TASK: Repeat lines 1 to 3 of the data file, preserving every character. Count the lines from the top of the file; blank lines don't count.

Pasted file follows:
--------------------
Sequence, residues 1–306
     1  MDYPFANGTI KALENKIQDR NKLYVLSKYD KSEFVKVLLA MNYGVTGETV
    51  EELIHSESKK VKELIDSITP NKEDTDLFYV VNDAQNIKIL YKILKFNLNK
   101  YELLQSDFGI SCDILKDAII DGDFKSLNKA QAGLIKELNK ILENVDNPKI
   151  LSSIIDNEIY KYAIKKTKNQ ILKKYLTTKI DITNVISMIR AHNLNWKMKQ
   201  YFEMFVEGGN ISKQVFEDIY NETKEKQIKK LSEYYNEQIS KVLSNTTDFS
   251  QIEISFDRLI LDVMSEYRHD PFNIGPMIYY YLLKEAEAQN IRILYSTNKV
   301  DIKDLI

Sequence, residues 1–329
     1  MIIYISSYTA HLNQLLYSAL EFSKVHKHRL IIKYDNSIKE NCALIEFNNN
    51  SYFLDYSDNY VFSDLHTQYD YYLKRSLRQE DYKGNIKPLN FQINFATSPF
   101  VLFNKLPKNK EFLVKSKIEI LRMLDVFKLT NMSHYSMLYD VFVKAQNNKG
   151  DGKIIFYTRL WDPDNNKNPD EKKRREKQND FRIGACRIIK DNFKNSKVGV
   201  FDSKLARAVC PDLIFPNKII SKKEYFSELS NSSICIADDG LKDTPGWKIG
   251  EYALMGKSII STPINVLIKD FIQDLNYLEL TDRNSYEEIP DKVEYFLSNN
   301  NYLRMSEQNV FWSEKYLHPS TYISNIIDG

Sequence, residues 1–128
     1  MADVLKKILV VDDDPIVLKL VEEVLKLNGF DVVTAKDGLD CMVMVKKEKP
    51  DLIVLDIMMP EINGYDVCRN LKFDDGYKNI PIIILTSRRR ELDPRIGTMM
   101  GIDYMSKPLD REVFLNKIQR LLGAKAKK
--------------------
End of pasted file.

Sequence, residues 1–306
     1  MDYPFANGTI KALENKIQDR NKLYVLSKYD KSEFVKVLLA MNYGVTGETV
    51  EELIHSESKK VKELIDSITP NKEDTDLFYV VNDAQNIKIL YKILKFNLNK